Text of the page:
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Hypotympanic Sound Baffle for Amelioration of Pulsatile Tinnitus due to Carotid and Jugular Bulb Dehiscence.

08:00 EDT 1st August 2019 | BioPortfolio

Summary of "Hypotympanic Sound Baffle for Amelioration of Pulsatile Tinnitus due to Carotid and Jugular Bulb Dehiscence."

To share our experience with treating pulsatile tinnitus by insulating a dehiscent carotid artery with a hypotympanic sound baffle, and compare outcomes with a similar resurfacing approach for jugular bulb wall anomalies.

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This article was published in the following journal.

Name: Otology & neurotology : official publication of the American Otological Society, American Neurotology Society [and] European Academy of Otology and Neurotology
ISSN: 1537-4505
Pages: 920-926

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Medical and Biotech [MESH] Definitions

A nonspecific symptom of hearing disorder characterized by the sensation of buzzing, ringing, clicking, pulsations, and other noises in the ear. Objective tinnitus refers to noises generated from within the ear or adjacent structures that can be heard by other individuals. The term subjective tinnitus is used when the sound is audible only to the affected individual. Tinnitus may occur as a manifestation of COCHLEAR DISEASES; VESTIBULOCOCHLEAR NERVE DISEASES; INTRACRANIAL HYPERTENSION; CRANIOCEREBRAL TRAUMA; and other conditions.

Damages to the CAROTID ARTERIES caused either by blunt force or penetrating trauma, such as CRANIOCEREBRAL TRAUMA; THORACIC INJURIES; and NECK INJURIES. Damaged carotid arteries can lead to CAROTID ARTERY THROMBOSIS; CAROTID-CAVERNOUS SINUS FISTULA; pseudoaneurysm formation; and INTERNAL CAROTID ARTERY DISSECTION. (From Am J Forensic Med Pathol 1997, 18:251; J Trauma 1994, 37:473)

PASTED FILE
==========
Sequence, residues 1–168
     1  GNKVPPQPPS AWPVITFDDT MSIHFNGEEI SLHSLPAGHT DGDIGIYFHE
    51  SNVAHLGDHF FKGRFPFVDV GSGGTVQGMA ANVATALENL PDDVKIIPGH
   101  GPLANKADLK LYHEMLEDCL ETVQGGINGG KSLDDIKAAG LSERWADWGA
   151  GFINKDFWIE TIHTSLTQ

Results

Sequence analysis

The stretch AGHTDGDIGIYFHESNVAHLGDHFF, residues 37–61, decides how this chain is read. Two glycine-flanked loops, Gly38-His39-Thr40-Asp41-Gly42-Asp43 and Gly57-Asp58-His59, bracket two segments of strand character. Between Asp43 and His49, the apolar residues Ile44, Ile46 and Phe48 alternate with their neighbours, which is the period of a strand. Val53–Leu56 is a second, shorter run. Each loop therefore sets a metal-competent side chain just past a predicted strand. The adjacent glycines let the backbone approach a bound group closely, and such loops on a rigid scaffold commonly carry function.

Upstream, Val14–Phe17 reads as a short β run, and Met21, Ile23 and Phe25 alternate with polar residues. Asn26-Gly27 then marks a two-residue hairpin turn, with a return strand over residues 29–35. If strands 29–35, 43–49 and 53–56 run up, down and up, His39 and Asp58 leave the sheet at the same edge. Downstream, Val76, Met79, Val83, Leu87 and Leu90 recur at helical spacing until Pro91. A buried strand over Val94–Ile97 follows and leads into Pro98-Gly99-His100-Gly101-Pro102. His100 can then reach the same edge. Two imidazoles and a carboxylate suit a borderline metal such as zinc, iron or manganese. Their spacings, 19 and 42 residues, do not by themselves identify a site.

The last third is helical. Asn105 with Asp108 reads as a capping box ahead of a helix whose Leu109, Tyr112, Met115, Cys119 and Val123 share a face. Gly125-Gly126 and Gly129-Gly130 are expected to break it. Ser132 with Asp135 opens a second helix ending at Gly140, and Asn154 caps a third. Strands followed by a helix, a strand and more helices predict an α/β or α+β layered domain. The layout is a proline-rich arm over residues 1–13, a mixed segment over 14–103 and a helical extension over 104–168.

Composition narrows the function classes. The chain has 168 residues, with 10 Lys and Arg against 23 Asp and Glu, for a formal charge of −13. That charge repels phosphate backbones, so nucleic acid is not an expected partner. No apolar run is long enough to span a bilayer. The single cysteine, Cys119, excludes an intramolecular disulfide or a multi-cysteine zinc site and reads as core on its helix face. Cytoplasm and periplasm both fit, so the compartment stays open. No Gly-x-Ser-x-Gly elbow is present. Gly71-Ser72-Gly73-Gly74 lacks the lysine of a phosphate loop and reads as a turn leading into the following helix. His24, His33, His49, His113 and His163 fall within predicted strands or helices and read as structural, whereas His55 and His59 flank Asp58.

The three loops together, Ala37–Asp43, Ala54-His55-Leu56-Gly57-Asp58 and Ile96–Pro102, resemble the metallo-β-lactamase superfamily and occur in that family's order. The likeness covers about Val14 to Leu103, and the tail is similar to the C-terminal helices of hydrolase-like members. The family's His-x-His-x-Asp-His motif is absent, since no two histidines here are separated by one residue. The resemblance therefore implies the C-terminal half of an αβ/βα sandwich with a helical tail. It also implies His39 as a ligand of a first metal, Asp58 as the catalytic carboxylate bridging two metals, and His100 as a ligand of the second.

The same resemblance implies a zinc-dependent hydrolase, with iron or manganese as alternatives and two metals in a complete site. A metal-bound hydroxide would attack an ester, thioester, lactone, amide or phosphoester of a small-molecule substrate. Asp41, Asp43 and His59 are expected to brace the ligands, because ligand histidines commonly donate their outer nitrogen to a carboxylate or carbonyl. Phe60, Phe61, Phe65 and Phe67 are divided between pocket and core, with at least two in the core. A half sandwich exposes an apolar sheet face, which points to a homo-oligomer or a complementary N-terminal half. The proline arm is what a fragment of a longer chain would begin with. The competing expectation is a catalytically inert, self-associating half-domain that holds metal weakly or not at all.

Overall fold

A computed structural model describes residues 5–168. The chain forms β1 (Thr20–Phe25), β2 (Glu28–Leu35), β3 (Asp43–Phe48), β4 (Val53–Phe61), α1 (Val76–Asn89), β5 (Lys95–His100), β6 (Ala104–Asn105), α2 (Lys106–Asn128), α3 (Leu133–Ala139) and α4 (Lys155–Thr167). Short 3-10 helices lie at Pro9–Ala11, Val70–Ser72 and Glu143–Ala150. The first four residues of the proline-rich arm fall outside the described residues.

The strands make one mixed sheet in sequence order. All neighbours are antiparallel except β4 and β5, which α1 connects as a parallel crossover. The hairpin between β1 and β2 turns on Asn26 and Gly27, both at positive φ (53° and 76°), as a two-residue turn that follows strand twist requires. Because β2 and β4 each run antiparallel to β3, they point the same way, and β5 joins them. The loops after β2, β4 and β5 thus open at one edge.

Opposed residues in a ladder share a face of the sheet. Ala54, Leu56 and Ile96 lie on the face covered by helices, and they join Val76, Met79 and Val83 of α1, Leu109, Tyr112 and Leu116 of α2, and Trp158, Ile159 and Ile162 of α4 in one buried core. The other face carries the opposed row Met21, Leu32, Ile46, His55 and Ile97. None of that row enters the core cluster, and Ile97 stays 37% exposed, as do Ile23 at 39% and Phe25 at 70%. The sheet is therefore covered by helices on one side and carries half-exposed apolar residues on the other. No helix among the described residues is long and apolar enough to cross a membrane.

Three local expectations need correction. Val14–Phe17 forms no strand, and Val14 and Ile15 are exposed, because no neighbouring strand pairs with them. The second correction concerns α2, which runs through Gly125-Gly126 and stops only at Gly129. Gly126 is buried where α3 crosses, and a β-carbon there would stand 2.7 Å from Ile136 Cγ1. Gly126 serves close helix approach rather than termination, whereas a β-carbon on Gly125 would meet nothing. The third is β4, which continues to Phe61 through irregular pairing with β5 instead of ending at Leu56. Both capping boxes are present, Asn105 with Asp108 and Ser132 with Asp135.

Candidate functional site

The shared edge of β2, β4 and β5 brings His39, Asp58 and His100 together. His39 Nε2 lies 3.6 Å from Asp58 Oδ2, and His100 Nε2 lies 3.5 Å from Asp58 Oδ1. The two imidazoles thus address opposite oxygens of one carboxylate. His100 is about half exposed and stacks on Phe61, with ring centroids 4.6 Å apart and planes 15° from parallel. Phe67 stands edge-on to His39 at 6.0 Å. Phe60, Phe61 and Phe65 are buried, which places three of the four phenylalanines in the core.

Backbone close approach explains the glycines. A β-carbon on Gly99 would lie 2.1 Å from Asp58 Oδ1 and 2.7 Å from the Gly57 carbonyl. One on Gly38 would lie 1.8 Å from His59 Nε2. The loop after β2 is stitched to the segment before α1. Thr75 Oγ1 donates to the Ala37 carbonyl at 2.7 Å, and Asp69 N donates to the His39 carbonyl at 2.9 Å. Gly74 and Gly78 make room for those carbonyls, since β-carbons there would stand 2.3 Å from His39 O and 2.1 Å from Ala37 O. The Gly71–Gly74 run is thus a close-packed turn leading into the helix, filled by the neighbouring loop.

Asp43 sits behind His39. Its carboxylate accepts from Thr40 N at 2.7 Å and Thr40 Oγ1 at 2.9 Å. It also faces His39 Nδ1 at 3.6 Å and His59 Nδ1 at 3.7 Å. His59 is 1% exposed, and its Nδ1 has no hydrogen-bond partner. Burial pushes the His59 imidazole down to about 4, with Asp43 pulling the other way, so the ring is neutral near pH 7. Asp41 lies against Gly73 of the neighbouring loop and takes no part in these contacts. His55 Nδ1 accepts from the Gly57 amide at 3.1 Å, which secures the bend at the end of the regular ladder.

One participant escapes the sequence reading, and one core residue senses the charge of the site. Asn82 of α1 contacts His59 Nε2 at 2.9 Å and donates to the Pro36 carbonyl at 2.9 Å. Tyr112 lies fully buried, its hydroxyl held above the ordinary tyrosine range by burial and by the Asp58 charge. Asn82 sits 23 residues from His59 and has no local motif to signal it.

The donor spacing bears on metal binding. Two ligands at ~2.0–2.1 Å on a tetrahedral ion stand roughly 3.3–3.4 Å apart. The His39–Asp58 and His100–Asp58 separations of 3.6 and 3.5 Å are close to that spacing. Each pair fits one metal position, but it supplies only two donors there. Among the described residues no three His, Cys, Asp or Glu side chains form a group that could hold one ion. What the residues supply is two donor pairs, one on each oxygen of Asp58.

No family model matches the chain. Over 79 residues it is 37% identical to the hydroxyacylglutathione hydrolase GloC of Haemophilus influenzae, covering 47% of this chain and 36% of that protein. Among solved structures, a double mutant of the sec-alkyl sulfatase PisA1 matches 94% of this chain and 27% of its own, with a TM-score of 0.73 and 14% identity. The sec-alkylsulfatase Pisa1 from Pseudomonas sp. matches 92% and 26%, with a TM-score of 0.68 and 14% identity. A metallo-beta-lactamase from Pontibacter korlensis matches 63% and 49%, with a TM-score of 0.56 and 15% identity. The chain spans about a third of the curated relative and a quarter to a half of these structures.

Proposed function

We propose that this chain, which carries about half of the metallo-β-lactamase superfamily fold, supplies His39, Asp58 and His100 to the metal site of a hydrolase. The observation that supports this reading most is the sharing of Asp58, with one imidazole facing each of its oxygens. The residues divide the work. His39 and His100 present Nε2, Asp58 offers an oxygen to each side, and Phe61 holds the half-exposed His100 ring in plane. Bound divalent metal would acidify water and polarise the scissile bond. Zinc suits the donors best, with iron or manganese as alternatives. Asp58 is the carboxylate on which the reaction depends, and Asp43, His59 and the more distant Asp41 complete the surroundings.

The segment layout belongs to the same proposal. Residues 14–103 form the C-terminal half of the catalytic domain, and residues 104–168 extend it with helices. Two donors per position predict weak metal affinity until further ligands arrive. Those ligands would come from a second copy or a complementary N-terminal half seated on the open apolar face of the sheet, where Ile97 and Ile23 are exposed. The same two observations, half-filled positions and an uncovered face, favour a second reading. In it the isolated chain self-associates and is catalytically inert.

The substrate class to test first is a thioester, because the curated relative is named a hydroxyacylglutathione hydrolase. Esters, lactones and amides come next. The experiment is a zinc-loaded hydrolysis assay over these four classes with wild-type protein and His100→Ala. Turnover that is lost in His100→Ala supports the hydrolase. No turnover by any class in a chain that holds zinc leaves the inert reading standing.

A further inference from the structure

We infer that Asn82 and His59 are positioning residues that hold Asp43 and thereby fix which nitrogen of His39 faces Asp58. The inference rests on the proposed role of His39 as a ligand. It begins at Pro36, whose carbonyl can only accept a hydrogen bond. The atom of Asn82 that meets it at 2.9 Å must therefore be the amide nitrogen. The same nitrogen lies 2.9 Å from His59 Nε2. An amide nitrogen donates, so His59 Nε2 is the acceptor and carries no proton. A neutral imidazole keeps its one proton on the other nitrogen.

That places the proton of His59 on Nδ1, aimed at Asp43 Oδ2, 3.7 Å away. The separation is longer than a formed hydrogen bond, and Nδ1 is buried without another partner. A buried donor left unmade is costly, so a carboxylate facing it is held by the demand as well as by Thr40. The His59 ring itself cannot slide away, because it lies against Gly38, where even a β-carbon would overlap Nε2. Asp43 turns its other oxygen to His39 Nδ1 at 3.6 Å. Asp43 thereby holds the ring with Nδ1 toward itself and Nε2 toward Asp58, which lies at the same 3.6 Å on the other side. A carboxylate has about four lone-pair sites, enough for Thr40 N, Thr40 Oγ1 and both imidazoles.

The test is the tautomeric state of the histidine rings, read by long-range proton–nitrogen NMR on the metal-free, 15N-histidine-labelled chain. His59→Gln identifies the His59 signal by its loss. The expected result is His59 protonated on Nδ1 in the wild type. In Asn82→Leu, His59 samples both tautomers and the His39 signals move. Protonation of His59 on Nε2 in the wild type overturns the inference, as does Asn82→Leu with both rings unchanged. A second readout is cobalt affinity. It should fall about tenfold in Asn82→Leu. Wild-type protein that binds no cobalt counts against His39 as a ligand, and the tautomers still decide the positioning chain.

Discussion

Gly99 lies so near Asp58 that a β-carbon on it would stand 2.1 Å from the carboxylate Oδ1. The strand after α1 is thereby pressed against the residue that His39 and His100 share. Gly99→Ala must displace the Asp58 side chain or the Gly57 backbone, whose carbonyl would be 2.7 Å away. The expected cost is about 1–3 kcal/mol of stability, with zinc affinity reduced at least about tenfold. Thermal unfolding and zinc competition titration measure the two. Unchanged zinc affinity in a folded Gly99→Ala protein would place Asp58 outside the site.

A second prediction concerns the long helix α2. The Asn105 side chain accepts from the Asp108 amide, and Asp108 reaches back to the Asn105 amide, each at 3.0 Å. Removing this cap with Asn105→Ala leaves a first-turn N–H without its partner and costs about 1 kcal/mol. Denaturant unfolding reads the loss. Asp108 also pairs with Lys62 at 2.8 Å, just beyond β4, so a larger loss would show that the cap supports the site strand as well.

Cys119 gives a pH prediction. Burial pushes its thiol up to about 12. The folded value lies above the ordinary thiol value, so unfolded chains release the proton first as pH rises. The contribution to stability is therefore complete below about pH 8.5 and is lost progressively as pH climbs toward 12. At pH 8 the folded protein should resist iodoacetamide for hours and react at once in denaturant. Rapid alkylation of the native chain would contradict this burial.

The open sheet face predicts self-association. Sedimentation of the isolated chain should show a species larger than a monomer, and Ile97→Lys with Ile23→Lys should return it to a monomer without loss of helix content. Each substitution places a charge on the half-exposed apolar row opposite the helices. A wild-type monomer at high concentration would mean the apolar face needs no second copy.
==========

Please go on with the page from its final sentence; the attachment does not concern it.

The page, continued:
Pathological conditions involving the CAROTID ARTERIES, including the common, internal, and external carotid arteries. ATHEROSCLEROSIS and TRAUMA are relatively frequent causes of carotid artery pathology.

Blood clot formation in any part of the CAROTID ARTERIES. This may produce CAROTID STENOSIS or occlusion of the vessel, leading to TRANSIENT ISCHEMIC ATTACK; CEREBRAL INFARCTION; or AMAUROSIS FUGAX.

A condition marked by raised intracranial pressure and characterized clinically by HEADACHES; NAUSEA; PAPILLEDEMA, peripheral constriction of the visual fields, transient visual obscurations, and pulsatile TINNITUS. OBESITY is frequently associated with this condition, which primarily affects women between 20 and 44 years of age. Chronic PAPILLEDEMA may lead to optic nerve injury (see OPTIC NERVE DISEASES) and visual loss (see BLINDNESS).

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